I don't think clay pots really allow much more air flow, but tend to wick water away from the medium faster. The pores are microscopic, and they probably stay pretty full of water as long as the medium is moist. Lower left is the microstructure of a terra cotta pot.

What are the other photos?
Southern Belle:
thank you for your input....
my apologies if i drifted too much in my conversations, but my focus on this thread was supposed to be based on long petalled paphs,,, ie.. sanderianum hybrids,, as i don't seem to have a problem with my phrags, and pretty much have them sorted out... and for other genera, as folks like Ray mention, "what works for you" in your conditions... I know sanderianum and hybrids, sometimes have finer hairs on their root system, and just seem like a unique issue for me to find a great recipe - wilst knowing what works for one person may not work for another...
Just wanted to get a cross section of what worked for others that grow more than one or two (or 10) of the long petalled paphs....
The more i know about these plants - the more i don't know....
Perfect substrate—who knows?!

I have what works for me: pumice, perlite, and LECA used interchangeably and with those I try to target a ratio of 60% inert media (any/all of those three that don't decay) to 40% orchiata. I don't repot plants annually. I sometimes repot bianually (if the roots are packed in and need more space). But mostly, I repot every 3-4 years. I also use a thin top-layer of moss to support early root development and create a micro climate of humidity around the base of the plant (where new roots emerge)—my 20% rH would otherwise be problematic and lead to aborted roots. I also use tap water (7.9pH, 250ppm CaCO3).

THAT SAID... you're asking about sanderianum which grows with its roots deeply embedded in cracks of limestone and across the moss on the surface of limestone. I have strong feelings about the importance of water chemistry for species native to Calcicolous and Serpentine "Soils"...such as sanderianum, helenae, philippinese, Mexipedium, Phrag kovachii and so on. The rules are not the same for these as they are for epiphytic species, and though some people claim limestone is not water soluble, that is not totally true. Limestone is not "soluble" in the classic sense (it doesn't dissolve to high concentrations like sugar or salt does); however, it is consistently "a little soluble" and a small amount of calcium carbonate does dissolve AND will quickly buffer the pH of acidic and/or pure water. The implication is that the pH near the roots of these species is often alkaline, will rarely go below 6.2, and never below 5.6. This impacts nutrient solubility, nutrient ratios, and also likely means species here have adapted to a set of very specific and consistent not-extremely acidic conditions. Whereas decaying bark, moss and other organic material can push the pH below 5, down to 3pH in extreme cases (when not buffered by the presence of limestone). And as a result we see why "repot annually" becomes a "rule" to follow in the effort to avoid the pH plunge if a person isn't buffering the potting media with something like limestone, oyster shells, etc.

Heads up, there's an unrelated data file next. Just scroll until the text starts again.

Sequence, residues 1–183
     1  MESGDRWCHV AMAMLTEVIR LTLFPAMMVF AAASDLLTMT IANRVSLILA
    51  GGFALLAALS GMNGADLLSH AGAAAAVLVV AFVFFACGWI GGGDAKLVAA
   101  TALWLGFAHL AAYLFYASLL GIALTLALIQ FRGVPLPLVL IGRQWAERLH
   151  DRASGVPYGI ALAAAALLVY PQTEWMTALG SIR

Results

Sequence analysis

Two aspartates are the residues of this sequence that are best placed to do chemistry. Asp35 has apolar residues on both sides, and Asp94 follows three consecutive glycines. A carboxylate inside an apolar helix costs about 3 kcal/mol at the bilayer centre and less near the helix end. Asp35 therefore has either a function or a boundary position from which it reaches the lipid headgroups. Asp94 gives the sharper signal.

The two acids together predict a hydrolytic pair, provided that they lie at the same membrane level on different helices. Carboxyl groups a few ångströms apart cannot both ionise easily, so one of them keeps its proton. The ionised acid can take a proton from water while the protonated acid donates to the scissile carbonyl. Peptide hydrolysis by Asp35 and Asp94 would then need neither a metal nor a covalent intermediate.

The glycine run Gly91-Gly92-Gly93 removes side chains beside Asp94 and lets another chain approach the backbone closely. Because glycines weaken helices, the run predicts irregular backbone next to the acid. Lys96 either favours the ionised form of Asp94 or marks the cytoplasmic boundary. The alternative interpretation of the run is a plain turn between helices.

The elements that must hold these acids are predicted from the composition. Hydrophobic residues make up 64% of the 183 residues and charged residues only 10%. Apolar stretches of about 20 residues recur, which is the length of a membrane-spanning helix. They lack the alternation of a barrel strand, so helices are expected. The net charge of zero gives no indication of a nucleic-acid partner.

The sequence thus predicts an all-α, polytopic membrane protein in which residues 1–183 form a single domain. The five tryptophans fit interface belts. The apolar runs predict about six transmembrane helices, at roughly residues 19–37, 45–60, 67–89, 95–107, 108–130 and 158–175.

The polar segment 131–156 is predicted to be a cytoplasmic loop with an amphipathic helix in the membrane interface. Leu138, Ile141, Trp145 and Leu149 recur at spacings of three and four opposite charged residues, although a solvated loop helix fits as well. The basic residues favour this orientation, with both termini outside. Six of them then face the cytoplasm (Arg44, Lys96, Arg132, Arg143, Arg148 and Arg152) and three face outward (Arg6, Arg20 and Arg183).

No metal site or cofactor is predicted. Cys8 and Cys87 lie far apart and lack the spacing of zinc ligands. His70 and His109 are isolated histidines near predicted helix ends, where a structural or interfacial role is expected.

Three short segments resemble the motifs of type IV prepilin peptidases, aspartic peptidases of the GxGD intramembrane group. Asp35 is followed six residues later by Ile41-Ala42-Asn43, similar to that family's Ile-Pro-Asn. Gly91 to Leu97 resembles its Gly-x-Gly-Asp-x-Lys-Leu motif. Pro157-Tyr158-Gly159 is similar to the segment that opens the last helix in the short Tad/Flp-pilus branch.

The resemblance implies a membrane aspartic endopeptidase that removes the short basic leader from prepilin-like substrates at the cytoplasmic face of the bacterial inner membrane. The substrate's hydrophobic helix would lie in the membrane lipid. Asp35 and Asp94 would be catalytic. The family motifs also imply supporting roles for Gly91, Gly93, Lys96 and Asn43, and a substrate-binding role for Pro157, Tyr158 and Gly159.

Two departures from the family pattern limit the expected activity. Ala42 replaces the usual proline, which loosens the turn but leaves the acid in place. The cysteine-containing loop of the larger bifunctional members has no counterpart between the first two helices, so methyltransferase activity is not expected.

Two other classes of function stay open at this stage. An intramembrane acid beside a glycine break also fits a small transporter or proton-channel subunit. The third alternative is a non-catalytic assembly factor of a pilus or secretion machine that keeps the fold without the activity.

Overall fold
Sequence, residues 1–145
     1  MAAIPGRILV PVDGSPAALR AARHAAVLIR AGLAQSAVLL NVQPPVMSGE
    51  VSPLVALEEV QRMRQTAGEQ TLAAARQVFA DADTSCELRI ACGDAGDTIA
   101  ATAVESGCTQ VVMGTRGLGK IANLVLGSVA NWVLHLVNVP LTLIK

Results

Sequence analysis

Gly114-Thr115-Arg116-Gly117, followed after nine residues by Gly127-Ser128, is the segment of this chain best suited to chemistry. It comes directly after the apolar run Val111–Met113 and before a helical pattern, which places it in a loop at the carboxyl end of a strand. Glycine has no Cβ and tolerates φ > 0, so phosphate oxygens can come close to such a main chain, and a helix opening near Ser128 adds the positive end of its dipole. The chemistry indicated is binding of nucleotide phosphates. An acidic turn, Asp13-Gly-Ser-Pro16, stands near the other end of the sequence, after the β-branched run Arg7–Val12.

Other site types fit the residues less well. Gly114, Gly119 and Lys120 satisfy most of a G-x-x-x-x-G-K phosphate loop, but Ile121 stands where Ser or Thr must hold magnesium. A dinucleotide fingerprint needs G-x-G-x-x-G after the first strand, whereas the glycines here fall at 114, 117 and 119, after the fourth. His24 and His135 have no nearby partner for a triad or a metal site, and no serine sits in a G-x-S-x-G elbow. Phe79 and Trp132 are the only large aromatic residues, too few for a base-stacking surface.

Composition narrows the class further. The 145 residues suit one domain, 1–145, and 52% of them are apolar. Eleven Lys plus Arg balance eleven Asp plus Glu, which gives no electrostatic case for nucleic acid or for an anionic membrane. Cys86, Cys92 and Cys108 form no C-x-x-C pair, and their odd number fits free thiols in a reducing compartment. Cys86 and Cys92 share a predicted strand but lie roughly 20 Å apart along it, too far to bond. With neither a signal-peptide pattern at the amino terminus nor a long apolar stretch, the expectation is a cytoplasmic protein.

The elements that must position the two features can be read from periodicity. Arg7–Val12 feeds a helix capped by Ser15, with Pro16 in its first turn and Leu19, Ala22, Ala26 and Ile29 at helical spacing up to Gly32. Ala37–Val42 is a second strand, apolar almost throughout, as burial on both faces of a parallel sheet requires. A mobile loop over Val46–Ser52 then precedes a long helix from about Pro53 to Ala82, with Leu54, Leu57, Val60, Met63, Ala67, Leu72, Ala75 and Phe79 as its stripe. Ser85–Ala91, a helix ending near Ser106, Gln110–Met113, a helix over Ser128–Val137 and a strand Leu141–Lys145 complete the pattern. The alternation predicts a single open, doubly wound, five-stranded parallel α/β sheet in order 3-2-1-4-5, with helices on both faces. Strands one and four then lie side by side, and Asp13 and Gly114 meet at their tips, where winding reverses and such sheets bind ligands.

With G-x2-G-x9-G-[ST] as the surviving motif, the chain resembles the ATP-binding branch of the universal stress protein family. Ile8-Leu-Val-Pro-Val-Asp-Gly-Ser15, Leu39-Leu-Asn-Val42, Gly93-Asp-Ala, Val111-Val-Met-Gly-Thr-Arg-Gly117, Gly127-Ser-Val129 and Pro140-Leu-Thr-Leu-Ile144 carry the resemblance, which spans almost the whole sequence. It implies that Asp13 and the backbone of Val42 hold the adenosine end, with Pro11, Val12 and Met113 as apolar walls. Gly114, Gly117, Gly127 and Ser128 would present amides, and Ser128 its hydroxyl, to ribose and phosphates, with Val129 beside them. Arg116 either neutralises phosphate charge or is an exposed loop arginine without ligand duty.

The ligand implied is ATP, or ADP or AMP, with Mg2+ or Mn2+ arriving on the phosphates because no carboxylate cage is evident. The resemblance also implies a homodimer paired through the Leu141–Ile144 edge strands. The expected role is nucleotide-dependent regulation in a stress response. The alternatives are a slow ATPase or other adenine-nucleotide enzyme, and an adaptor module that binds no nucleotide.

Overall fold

For rothchildianum - it's not calcicolous, but it does come from serpentine soils, which are similarly alkaline (though not high in calcium).
So in my opinion, as long as your potting media provides the moisture gradient, hydration, and airflow that the roots need, and your water is not ever extremely acidic, then it doesn't matter what you plant them in—you know, barring anything toxic. But if you're using peatmoss and/or sphagnum moss, and you're not buffering the pH...then you're gonna run into trouble. That's why (in my humble opinion) a lot of people struggle with the same group of plants: kovachii, mexipedium, tigrinum, roth, and sanderianum.

Here's a resource for more info about calcicolous slippers by Tony Budrovich: CALCICOLOUS SLIPPER ORCHIDS - TALK PREPARED BY TONY BUDROVICH. Paphiopedilum Study Group of Western Australia Meeting 10 April PDF Free Download

And a list of the calcicolous species: Calcicolous Slippers